A bandwagoner could be defined as partaking in the support of a team or athlete after a run of success. Or it could be through popular opinion. There are many examples where this is demonstrated and perhaps the best example that comes to mind is that of the New Zealand Warriors rugby league franchise. I know this is a motorsport-dedicated blog, but please do read on.
One of the biggest lies in sport is the proclamation of ‘this is our year’. If there is one thing sport has thought me in the past 23 years of my life, it is that sport is as unpredictable as it comes. You can never be assured that it will ever be the year which will culminate in confetti and fanfare. But, if there is one thing that the Warriors fans are guilty of, it’s this. The start of the National Rugby League calendar year always draws a high attendance figure, with many fans hopeful of a boost in performance and incentive to achieve glory. Toward the end of the 2017 season, the Warriors would lose nine-straight games and left many fans irate. Players left the club, as did long-time supporters and it seemed that the club was left in dire straits.
Why mention this? Since the end of last season, a major rebuilding effort has been undertaken within the club, with a noticeable change in attitude and a refreshing take on the season ahead. As of writing this, the Warriors have won their first two games and sit equal first on the NRL ladder. The shift in performance has subsequently ushered in an array of fans and games selling out faster than black market narcotics.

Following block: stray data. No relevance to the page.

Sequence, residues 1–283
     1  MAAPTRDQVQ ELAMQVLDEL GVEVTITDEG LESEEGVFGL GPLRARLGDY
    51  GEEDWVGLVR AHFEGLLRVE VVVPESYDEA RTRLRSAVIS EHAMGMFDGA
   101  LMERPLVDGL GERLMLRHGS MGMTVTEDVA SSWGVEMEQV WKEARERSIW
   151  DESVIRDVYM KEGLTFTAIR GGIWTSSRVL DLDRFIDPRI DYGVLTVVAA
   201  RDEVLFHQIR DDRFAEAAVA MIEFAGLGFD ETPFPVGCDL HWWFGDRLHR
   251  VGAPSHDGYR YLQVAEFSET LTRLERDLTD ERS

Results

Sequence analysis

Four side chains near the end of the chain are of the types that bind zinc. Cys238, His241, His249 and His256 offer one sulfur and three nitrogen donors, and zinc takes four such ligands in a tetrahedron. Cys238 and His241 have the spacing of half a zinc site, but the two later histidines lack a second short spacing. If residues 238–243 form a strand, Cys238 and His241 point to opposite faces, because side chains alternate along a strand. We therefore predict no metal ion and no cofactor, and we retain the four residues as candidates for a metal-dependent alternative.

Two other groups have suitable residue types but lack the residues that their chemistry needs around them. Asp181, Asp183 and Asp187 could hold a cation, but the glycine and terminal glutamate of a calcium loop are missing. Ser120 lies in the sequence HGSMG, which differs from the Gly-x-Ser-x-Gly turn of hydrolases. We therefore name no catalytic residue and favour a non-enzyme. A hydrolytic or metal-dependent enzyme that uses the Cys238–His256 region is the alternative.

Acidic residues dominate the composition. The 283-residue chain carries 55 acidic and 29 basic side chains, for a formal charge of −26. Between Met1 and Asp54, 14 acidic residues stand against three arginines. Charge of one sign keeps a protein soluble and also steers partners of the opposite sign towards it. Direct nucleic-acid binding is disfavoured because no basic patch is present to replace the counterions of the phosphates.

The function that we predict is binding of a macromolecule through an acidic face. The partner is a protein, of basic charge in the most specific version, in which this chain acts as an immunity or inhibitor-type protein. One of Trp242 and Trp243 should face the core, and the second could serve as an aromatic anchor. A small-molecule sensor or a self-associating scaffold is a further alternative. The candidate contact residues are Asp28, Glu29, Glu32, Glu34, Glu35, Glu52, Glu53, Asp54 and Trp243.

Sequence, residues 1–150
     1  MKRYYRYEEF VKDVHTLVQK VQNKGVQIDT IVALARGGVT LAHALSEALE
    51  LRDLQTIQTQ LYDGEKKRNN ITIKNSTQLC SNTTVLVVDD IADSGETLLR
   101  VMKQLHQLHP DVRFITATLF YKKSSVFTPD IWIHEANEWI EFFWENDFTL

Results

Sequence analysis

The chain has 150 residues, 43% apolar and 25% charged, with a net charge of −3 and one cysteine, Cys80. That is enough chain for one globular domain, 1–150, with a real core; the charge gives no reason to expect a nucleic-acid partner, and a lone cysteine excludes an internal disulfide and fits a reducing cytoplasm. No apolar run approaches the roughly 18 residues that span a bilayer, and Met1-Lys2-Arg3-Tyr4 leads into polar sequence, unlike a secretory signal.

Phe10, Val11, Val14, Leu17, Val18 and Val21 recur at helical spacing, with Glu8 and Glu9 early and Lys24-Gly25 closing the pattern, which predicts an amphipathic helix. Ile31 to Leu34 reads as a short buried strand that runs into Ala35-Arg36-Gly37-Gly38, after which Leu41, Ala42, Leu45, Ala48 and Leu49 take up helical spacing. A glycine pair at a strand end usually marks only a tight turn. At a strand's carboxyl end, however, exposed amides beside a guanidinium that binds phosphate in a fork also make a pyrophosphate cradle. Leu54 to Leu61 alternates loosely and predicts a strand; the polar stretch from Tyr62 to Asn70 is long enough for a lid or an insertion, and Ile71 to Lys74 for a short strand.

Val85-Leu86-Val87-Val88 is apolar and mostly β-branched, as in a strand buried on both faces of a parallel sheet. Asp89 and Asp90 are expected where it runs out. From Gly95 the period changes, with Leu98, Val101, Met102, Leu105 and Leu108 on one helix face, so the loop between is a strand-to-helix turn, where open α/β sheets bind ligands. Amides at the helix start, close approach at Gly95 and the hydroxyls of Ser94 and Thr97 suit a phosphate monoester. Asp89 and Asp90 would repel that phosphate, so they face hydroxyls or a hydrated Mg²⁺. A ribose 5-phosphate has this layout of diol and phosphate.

It’s the same story in the world of motorsport. For the majority of the 2017 season, Lance Stroll was vilified and hated based on the money he brought into the Williams team. Therefore, many labelled him as a pay driver who did not attain his seat on merit. However, after watching him ascend through the junior ranks, I knew what he was capable of. Rich or not, you don’t win three championships in three years by being a driver incapable of the top-level of motorsport, and that is discounting his karting accolades. Once his performances started to shine through in the latter part of the year; more specifically where he started to outperform his teammate on a regular basis, people started to look past the Canadian green and onto what he could bring to the table as a driver. This was especially true at the Azerbaijan Grand Prix, where he narrowly missed out on a potential victory, after being slandered for the majority of his tenure.
It can be regarded as pathetic, but one could be forgiven for benching support until adequate effort and performance is put in. Let’s be honest, you wouldn’t lend your full-fledged support toward someone who did not take the time and effort to repay your admission fee? These athletes are paid to perform and whenever it seems they couldn’t be bothered to put said effort in, one can’t expect the fans to get behind them, either.
It’s an almost incurable epidemic – there will always be the bandwagoners, there will always be the haters and there will always be the delusional folk whom believe they know best based on warped philosophy. But, do their opinions really matter? In the end, any increase in fan support can only be a good thing. Whether you would call them ‘fake fans’ or bandwagoners, they will add to the growth of the club or athlete. That is, until the eventual slump in performance, where the cycle repeats itself, once again.